The Missouri House endorsed a measure to bar unions from collecting fees from non-members in the construction industry Wednesday after a black Democrat said the building trades unions have failed minority workers and businesses.
Rep. Courtney Curtis, of Berkeley, said unions, specifically those representing workers in the building trades such as carpenters, electricians and brick layers, fail to include minorities and women, stopping them from getting a chance to work on big development projects in the St. Louis area. The House initially approved his bill by voice-vote and will have to give final approval before the bill moves to the Senate.
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"Minorities and people in my community clearly aren't getting a fair opportunity to achieve the American dream," Curtis said during debate. "I'm fighting for equality, even against people in my party who have let this go unchecked."
Right-to-work bars unions from collecting fees from non-members when the labor group has negotiated with an employer for such provisions. A Supreme Court ruling states that individuals can opt-out of membership dues but the union may still collect fees for services such as negotiating the contract covering members and non-members.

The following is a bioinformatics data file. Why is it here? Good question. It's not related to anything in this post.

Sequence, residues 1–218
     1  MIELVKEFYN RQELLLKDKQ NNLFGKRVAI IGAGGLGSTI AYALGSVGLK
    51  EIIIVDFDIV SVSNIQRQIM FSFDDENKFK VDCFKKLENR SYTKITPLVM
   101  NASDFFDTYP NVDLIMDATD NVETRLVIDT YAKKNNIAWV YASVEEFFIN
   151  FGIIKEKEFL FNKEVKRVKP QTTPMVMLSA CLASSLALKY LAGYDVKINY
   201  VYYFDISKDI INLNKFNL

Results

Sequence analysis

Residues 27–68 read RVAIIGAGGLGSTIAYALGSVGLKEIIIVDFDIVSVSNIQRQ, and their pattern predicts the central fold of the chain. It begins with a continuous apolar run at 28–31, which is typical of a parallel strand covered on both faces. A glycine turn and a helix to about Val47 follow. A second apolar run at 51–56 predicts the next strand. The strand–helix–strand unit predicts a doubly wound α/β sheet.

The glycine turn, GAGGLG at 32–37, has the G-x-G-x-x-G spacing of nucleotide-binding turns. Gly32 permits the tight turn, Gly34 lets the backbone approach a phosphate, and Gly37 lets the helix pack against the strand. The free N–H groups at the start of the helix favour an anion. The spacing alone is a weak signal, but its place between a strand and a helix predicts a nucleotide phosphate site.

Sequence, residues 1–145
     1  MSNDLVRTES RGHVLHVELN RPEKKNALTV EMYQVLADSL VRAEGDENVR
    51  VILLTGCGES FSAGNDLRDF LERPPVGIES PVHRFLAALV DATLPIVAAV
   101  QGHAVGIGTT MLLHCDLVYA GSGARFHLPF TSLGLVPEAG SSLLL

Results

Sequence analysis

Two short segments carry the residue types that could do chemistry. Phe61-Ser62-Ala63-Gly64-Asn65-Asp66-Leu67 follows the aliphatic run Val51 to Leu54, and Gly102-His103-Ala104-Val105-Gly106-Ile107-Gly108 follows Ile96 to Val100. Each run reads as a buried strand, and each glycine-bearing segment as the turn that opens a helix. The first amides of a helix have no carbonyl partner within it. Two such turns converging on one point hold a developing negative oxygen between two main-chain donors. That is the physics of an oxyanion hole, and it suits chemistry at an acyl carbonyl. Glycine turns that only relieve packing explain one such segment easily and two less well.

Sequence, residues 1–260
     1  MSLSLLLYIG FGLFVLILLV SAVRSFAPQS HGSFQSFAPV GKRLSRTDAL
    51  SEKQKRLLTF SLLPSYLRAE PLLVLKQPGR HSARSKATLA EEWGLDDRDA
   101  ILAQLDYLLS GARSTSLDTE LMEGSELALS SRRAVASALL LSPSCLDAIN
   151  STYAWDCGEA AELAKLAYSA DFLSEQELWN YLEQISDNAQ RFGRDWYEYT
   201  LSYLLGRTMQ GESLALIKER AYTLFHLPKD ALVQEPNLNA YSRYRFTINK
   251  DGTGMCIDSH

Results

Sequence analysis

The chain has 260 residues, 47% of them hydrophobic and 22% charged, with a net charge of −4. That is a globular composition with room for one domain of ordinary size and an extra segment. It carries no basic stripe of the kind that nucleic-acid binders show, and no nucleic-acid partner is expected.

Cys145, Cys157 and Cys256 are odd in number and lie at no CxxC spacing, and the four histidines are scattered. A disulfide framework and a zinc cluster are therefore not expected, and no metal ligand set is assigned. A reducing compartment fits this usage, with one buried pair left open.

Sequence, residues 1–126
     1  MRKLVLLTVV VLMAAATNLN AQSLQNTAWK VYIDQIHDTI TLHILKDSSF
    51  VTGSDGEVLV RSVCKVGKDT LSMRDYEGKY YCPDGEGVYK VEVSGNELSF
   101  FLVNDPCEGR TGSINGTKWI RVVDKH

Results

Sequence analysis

Other Democrats said they strongly oppose the right to work efforts, whether it applies to all businesses or only construction companies. Opponents say states with right to work laws have lower wages, more dangerous working conditions and fewer benefits for workers.
Democratic Rep. Karla May, of St. Louis, who is black, said the bill would not help minorities in the construction industry but instead weaken the rights of all workers.
"I believe that it's unfortunate that in 2015 black Americans are still fighting racism and I agree that as Missourians we need to look at all aspects of our state to address inequality and injustice," she said. "This bill is not the answer that's going to solve racism in our state."
The House may also consider a broader right to work measure that would apply to all businesses in the state. Last year, the effort failed when it fell short of the majority support needed to pass it.
Twenty four states have right-to-work laws including all of Missouri's neighbors except for Illinois and Kentucky, according to the National Conference of State Legislatures. The new Republican governor of Illinois, Bruce Rauner, has said he wants to allow individual communities or counties in the state to opt for right-to-work, although majority Democrats in the Legislature oppose the idea. Rauner issued an executive order this week ending to a requirement that public sector workers pay dues even if they decide not to join a union. Some counties in western Kentucky have voted to make it illegal for employers to require their workers to join a labor union, although it is not clear if they have the authority to enforce the measures.
Supporters say right to work will make Missouri more attractive for businesses and that workers who are not union members should not have to pay to support them.
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